Restitution of Conjugal Rights

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When the husband or wife has withdrawn, without reasonable excuse, from the other’s society, the party that is aggrieved, may request, by way of petition filed to the District Court, for grant of restitution of conjugal rights. The Court, when satisfied of the truthfulness of the statements made in such a petition and making certain that there is no legal reason why the request should not be granted, may order the restitution of marital rights accordingly.

The onus of proving reasonable excuse shall be on the person who has withdrawn from the society, when there is a doubt as to an existence of reasonable excuse.

The Decree for Restitution of Conjugal Rights will be issued under Order XXI Rule 32 Civil Procedure Code, 1908.

Conditions for Decree of Restitution of Conjugal Rights

  • Withdrawal of other spouse from the petitioner’s society: – Withdrawing from society in other ways without any reason, to end an existing relationship with the intention of abandoning the other, and to abandon that relationship permanently or indefinitely. Even if the husband and wife live apart but maintain a regular social and conjugal relationship (relationship linked to marriage), this would not constitute a withdrawal from the society of other.
  • No reasonable excuse for such withdrawal: – The wife works and does not quit her job to live with the husband as a reasonable excuse as long as she maintains a regular and frequent social and conjugal relationship. If the respondent makes a reasonable excuse, the burden of proof is on him/her.
  • Court’s satisfaction as to the truth of the statements made in petition.
  • No legal justification exist for the refusal of decree.

T Sareetha vs T Venkatta Subbaiah, 1983

In this case, the Andhra Pradesh High Court held that Section 9 of Hindu Marriage Act, 1955 violates the Article 14, 19 & 21 of Constitution and called it uncivilized and barbarous. The reasoning was that sexual cohabitation is integral part of the decree of Restitution of Conjugal Rights. So, the decree basically makes the choice for the other person not only to live with their spouse but also have sexual intercourse with him. The decree is taking away the person’s independence over its own body and it is conceivable more degrading to human dignity and horrible to human spirit than subjecting a person by lengthy rope of law to positive act of sex. It is violative of Article 14 because though it treats a man and a woman equally but the husband and wife are not on the same footing in society so it is not justice to treat them equally.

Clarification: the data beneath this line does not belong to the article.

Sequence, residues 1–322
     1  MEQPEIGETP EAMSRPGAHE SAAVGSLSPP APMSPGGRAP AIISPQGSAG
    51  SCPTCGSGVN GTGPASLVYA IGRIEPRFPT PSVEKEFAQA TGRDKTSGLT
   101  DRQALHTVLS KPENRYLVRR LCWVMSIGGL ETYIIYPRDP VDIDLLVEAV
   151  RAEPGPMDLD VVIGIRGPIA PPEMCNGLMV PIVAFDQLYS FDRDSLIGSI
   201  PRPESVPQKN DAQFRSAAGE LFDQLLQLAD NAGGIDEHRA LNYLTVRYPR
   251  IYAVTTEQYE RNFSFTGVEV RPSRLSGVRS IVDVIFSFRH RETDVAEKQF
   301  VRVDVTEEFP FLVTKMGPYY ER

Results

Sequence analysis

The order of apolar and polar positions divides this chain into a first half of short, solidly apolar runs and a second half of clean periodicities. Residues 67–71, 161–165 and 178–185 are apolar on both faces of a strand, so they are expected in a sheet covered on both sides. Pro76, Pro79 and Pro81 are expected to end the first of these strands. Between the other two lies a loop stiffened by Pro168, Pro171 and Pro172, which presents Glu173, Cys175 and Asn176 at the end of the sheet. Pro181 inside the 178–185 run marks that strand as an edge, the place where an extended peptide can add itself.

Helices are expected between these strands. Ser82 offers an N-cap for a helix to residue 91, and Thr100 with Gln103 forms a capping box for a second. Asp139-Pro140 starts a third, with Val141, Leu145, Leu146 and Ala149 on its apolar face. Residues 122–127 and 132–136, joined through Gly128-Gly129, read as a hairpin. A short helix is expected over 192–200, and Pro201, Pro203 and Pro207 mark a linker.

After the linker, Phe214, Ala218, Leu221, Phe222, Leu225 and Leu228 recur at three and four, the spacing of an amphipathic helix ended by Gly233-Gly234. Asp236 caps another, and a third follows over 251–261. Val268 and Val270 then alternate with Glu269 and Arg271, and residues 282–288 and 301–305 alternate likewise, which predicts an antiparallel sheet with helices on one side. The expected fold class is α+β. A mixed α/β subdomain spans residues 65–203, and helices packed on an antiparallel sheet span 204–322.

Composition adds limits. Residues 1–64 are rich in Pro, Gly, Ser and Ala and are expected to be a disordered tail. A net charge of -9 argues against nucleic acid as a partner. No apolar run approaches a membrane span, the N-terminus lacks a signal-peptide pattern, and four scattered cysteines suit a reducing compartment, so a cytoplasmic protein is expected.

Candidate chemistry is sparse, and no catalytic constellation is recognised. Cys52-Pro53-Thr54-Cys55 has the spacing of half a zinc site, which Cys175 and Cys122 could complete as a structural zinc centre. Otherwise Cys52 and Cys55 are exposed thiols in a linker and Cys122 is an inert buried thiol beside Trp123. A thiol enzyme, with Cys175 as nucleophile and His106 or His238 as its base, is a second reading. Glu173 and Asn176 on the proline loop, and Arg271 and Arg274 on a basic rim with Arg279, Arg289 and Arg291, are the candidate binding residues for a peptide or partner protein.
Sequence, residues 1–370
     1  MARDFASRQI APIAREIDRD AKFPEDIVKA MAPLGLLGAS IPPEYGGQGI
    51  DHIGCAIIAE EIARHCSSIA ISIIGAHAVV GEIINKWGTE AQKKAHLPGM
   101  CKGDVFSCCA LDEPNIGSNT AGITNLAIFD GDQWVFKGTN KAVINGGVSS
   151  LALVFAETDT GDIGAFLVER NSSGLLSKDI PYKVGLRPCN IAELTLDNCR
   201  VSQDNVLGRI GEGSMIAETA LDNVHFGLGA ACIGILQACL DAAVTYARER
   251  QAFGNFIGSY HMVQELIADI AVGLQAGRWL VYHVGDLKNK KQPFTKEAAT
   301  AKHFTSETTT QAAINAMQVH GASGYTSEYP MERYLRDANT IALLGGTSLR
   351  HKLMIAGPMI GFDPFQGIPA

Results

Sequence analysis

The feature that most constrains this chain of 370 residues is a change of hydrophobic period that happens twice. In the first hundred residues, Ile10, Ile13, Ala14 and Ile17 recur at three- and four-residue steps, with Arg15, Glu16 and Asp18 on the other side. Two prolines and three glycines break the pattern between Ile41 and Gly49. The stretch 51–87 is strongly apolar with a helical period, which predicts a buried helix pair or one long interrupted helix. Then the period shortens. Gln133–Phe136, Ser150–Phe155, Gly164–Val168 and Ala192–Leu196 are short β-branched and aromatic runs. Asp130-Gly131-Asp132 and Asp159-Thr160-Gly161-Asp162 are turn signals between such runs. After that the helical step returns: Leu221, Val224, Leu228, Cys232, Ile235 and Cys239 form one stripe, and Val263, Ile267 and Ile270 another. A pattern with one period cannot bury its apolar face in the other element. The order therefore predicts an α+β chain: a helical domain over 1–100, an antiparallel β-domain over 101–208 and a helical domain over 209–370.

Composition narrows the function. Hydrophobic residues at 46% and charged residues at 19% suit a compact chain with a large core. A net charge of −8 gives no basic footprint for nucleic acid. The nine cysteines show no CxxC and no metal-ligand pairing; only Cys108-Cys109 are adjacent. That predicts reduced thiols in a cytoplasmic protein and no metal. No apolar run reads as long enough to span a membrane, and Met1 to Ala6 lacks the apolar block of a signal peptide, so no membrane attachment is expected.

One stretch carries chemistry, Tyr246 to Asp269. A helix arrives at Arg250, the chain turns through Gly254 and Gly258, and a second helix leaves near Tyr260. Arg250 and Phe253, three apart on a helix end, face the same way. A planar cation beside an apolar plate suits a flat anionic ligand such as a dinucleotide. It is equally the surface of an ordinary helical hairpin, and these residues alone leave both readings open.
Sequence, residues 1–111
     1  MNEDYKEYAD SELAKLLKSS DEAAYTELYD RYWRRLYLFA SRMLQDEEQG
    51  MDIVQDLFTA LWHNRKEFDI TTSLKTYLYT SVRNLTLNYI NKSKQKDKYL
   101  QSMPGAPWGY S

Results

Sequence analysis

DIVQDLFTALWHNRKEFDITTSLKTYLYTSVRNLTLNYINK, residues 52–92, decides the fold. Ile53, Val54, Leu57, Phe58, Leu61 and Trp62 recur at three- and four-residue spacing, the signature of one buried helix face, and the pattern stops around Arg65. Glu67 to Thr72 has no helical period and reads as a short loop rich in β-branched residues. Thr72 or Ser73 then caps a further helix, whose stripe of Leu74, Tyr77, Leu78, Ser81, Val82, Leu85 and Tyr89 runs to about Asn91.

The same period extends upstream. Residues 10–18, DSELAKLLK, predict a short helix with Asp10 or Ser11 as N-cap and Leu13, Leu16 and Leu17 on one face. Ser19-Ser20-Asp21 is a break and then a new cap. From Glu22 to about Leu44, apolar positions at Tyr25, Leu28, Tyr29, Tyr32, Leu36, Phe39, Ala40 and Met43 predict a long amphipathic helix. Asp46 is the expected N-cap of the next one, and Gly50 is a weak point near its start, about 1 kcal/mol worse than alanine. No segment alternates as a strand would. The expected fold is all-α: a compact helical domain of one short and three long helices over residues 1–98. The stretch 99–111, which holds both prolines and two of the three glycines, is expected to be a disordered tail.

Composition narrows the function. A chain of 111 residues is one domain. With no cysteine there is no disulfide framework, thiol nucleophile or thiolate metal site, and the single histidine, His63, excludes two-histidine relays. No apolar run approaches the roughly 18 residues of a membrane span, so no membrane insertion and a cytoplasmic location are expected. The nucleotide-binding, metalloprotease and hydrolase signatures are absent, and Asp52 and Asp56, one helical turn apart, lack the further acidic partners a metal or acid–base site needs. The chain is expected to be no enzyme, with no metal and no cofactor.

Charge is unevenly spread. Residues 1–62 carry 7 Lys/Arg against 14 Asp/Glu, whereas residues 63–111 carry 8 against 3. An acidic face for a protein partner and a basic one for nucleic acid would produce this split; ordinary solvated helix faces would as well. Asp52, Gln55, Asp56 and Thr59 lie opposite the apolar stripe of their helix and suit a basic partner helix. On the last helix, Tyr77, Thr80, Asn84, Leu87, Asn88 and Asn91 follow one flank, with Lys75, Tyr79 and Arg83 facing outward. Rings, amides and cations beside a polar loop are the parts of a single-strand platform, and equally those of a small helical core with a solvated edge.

Harvinder Kaur vs Harmander Singh, 1984

In this case, Delhi High Court took a very different approach on Section 9 of Hindu Marriage Act, 1955 and not only upheld the validity of it but also discussed its advantages. Court said introducing Constitutional Law in Family Law is like introducing a bull in a China shop. The Restitution is not only sexual intercourse but it is for cohabitation and there is nothing barbarous or coercive about it. The court said that a disproportionate emphasis on sex almost bordering on obsession has coloured the views of the learned Judge. The Court cited Section 23(2) and 23(3) Hindu Marriage Act, 1955 which provides measures to reconcile the couple before giving a decree of divorce. Court called Section 9 Hindu Marriage Act, 1955 as the litmus test for divorce, if the restitution decree is disobeyed, it is a ground for divorce. So, Section 9 provides two purposes, first is the attempt of reconciliation and the second as a measure of divorce because the law gives the parties a ground for divorce under Section 13(1-A) if they don’t resume cohabitation for one year after the decree of restitution is passed by the Court.

Saroj Rani vs Sudershan Kumar, 1984

In this case, Supreme Court agreed with Harvinder Kaur vs Harmander Singh. Court discussed that the financial sanction by way of attachment of properties which has been provided for disobedience of the decree (under Order XXI Rule 32 of Civil Procedure Code), is only an opportunity given to the parties so that they can settle their differences amicably. Court said that the right of the husband or the wife to the society of the other spouse is not merely a creature of the statute. Such a right is basic necessity in the very institution of marriage itself. There are sufficient preventive measures in Section 9 Hindu Marriage Act, 1955 to prevent it from being a tyranny.